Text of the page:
Microalgae or microphytes are microscopic algae, typically found in freshwater and marine ecosystems. They are single celled species which live either individually, or in chains and groups.
Their sizes can range from a few micrometers (μm) to a few hundred micrometers, depending on the species. Unlike earth plants, microalgae do not have roots, stems, or leaves and they are specially adapted to an environment dominated by viscous forces.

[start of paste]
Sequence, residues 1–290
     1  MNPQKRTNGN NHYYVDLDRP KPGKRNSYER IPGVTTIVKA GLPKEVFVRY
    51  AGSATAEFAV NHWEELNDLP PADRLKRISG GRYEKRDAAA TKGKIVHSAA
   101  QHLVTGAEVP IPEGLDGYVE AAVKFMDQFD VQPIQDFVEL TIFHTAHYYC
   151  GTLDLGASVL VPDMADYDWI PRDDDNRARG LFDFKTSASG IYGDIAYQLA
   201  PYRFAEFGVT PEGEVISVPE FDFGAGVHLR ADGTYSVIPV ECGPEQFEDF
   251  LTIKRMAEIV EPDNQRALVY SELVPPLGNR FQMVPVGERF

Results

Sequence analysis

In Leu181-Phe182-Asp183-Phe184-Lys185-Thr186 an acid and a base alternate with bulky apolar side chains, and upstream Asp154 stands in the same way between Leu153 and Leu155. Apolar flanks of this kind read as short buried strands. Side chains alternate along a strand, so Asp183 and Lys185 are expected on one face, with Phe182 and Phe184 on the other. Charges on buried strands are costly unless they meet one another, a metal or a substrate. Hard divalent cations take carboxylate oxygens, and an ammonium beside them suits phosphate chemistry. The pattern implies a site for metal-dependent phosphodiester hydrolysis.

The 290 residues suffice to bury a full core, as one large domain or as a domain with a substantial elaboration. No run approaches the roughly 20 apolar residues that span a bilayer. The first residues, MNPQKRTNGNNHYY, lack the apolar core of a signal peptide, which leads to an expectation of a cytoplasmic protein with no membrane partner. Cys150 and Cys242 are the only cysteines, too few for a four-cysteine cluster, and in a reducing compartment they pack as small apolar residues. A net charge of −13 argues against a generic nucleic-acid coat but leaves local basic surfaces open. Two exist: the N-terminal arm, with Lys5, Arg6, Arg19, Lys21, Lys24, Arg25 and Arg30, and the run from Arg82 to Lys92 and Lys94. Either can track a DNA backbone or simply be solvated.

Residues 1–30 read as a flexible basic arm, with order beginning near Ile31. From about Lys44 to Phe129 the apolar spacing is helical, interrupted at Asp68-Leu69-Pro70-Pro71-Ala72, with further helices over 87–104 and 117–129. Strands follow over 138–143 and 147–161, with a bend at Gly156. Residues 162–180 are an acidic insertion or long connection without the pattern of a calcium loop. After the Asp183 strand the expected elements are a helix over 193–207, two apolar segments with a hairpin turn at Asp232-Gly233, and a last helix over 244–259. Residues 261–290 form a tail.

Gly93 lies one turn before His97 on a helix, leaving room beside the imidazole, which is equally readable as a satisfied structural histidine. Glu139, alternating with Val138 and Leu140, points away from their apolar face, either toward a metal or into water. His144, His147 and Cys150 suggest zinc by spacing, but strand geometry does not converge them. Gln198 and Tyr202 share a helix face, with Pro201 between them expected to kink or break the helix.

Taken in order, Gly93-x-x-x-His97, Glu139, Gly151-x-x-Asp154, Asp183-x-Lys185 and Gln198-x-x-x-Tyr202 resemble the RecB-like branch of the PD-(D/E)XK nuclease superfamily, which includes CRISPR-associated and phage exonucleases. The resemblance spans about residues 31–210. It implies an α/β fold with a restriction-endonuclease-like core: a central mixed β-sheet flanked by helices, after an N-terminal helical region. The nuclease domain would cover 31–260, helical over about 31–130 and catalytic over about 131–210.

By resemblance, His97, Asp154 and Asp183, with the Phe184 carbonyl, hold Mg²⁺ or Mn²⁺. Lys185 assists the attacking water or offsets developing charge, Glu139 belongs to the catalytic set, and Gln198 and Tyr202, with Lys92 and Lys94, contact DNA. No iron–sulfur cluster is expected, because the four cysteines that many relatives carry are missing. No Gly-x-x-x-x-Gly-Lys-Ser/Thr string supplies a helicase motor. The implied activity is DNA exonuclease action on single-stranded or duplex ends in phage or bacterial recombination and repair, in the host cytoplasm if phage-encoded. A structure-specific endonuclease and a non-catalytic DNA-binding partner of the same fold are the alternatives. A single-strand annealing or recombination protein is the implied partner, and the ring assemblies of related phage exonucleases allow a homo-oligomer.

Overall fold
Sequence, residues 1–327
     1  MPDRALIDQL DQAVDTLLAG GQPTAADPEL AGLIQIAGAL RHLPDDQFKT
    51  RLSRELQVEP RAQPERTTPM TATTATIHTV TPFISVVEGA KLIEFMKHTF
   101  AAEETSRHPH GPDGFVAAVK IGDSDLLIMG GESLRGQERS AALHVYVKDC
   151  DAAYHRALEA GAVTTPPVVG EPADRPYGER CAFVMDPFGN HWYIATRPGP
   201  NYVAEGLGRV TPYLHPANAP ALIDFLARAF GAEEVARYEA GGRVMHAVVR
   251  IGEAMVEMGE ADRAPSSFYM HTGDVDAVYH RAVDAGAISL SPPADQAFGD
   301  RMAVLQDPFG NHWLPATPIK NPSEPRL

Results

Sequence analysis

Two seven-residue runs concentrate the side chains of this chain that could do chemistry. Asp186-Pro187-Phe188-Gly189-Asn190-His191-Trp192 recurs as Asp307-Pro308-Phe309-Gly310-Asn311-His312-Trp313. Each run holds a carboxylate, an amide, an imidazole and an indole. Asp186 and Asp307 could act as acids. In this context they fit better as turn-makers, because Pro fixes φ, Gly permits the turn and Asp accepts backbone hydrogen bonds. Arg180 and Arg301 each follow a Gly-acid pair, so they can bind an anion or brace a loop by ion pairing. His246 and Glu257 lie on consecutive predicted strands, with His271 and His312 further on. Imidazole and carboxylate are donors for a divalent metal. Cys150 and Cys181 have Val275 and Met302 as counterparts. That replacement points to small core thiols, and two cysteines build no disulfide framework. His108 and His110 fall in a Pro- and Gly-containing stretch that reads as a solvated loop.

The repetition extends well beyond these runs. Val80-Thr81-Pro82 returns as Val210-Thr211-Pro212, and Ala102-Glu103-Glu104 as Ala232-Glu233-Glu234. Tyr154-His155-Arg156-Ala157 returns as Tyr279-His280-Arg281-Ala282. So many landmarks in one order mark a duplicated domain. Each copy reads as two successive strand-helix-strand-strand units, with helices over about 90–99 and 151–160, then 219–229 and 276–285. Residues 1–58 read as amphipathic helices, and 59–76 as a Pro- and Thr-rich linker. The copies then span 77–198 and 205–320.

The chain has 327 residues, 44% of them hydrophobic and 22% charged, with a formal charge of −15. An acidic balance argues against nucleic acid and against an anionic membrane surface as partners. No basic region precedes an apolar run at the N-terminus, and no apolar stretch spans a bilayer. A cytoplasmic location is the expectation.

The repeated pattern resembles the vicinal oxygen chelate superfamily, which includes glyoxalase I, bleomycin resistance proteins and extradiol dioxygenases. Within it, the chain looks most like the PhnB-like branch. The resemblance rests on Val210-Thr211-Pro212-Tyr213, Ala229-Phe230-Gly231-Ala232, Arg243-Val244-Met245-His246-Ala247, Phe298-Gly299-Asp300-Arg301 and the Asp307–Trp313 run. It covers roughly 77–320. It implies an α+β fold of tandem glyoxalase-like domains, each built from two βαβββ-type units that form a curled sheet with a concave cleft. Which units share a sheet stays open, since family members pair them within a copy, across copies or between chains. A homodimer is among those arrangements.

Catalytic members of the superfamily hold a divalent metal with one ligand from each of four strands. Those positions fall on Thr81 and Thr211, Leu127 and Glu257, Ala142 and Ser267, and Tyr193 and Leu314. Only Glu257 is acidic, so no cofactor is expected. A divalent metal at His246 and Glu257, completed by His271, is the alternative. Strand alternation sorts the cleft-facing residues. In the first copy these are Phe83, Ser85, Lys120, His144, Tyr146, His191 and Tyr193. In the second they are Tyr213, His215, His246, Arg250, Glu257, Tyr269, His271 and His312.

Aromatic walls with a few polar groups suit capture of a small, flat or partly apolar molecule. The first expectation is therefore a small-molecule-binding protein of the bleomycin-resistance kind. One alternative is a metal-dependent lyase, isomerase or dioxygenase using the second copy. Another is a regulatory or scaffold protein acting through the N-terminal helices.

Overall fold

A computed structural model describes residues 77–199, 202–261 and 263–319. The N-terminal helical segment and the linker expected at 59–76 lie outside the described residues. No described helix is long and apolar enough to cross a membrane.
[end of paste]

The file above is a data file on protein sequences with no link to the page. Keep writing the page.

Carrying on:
By performing photosynthesis, Microalgae produce approximately half of the atmospheric oxygen on earth  while simultaneously using carbon dioxide to grow photoautotrophically. Microalgae, together with bacteria, form the base of the food chain and provide energy for all the trophic levels above them. Microalgae biomass is often measured with chlorophyll a concentrations, and can provide a useful index of potential production.